Monday, July 14, 2008

Movie Review - The Fall

When I heard that Tarsem Singh, the director of The Cell, had done another movie entitled The Fall, I checked out the trailer. I was overwhelmed with how lovely it seemed, and finally got around to seeing it last night. It went well beyond any expectation I had for it.

The plot is simple, and the delivery both unique and fascinating. It is set in Los Angeles in 1915. A Hollywood stuntman, Roy, is hurt when trying to pull off a stunt. A quirky and curious little girl, Alexandria, has broken her arm while working in the orange orchards. She wanders around the hospital, searching for ways to alleviate boredom, and discovers Roy. In exchange for doing him favors – mostly stealing medicine – Roy tells her a magnificent story. Shown from the point of view of imagination, the story itself is intertwined with the lives of both characters.

First, let me say this: Lee Pace, the atheist brother of Jaye in the short-lived Wonderfalls, is stupendous in his role as Roy Walker. Roy suffers from more than physical injuries: his heart has been broken, and the pain he feels is so evident – and so accessible – throughout the entire film. His obvious inexperience with children is adorable in some scenes, terrifying in others. He underestimates the effect he has had on little Alexandria, and this oversight nearly causes the child her life. The final scenes with the two characters had me beside myself – their love for each other had me in tears. As for Catinca Untaru as Alexandria…what a fascinating child! It’s so hard to believe that someone so young could be so incredibly expressive and so fully capture the essence of confusion required of Alexandria, whose English is, as Roy says more than once, “gibberish.” The two performances were remarkable.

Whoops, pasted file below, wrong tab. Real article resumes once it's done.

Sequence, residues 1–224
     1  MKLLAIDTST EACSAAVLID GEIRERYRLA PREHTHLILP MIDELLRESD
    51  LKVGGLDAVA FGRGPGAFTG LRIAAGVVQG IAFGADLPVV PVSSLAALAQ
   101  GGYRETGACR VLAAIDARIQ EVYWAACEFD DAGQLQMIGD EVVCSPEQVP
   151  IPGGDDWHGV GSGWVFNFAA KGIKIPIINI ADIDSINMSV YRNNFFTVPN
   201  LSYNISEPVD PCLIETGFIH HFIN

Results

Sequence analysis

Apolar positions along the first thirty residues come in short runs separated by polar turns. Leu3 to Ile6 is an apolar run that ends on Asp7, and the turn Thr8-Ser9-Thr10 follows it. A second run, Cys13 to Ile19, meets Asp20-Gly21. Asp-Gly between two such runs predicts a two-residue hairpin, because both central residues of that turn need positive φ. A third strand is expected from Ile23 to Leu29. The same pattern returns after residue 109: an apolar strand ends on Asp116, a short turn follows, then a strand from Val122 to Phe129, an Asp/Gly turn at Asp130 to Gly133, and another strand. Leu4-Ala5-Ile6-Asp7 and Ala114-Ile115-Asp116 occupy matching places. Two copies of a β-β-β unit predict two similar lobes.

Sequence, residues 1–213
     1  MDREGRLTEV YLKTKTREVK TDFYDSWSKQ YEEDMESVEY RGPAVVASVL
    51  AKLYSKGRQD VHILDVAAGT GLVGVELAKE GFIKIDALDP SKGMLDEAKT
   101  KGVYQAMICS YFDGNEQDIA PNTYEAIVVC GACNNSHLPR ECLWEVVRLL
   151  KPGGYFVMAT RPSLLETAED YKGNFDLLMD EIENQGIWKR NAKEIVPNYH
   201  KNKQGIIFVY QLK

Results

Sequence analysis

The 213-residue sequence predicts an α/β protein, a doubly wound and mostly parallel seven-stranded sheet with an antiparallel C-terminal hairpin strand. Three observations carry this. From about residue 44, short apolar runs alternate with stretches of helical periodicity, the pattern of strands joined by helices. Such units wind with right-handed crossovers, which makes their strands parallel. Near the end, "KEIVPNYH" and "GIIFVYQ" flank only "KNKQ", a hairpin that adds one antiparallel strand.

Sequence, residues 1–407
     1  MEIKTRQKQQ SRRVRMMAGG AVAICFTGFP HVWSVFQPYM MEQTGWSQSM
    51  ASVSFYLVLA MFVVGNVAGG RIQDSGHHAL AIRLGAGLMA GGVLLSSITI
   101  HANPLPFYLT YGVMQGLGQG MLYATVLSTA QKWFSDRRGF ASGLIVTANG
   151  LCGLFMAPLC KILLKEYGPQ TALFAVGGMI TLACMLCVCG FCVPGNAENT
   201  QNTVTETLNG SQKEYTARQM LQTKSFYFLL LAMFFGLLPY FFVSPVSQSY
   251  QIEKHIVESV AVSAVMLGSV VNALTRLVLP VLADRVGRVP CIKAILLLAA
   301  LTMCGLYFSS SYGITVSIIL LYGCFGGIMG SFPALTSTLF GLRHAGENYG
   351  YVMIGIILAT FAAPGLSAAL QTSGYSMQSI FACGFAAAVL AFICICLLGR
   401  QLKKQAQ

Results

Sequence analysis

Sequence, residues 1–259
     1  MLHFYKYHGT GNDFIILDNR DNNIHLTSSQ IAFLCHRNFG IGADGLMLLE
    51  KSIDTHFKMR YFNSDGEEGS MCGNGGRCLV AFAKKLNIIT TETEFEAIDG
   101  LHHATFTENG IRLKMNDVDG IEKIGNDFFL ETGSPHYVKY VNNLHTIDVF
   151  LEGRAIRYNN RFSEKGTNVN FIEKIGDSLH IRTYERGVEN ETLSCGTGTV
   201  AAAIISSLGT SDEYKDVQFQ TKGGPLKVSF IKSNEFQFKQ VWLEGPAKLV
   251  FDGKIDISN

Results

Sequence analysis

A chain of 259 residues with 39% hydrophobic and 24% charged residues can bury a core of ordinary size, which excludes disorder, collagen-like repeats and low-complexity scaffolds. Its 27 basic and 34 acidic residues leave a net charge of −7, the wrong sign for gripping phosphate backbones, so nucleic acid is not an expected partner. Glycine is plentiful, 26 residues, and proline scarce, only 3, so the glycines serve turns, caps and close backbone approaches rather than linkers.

Second, and I expected no less: the scenery was breathtaking. The entire movie, which spanned 18 different countries (WHOA!), was so utterly gorgeous that I found myself repeatedly in awe. Two scenes in particular stand out in my mind: the scene with one of the secondary characters, known only as “the Mystic,” in which he is tattooed while his brothers sing – I don’t want to spoil the scene too much by giving it away – and Darwin realizes what is happening and forces out a gasp of surprise, barely shoving out the words, “they’re giving us directions!” The other scene is the wedding – I can’t even put it into words. Nothing like the conventional wedding one might imagine, the lack of noise found here is overwhelming. Again, I couldn’t help but cry through almost the entire scene, it was so fantastically beautiful.

This is how movies should be made. It was the kind of movie that simultaneously lifted my spirits because it reminded me of the beauty so inherent in the world, and yet broke my heart, for fear that I’ll never make anything this lovely in my lifetime. I enthusiastically recommend this movie to everyone.

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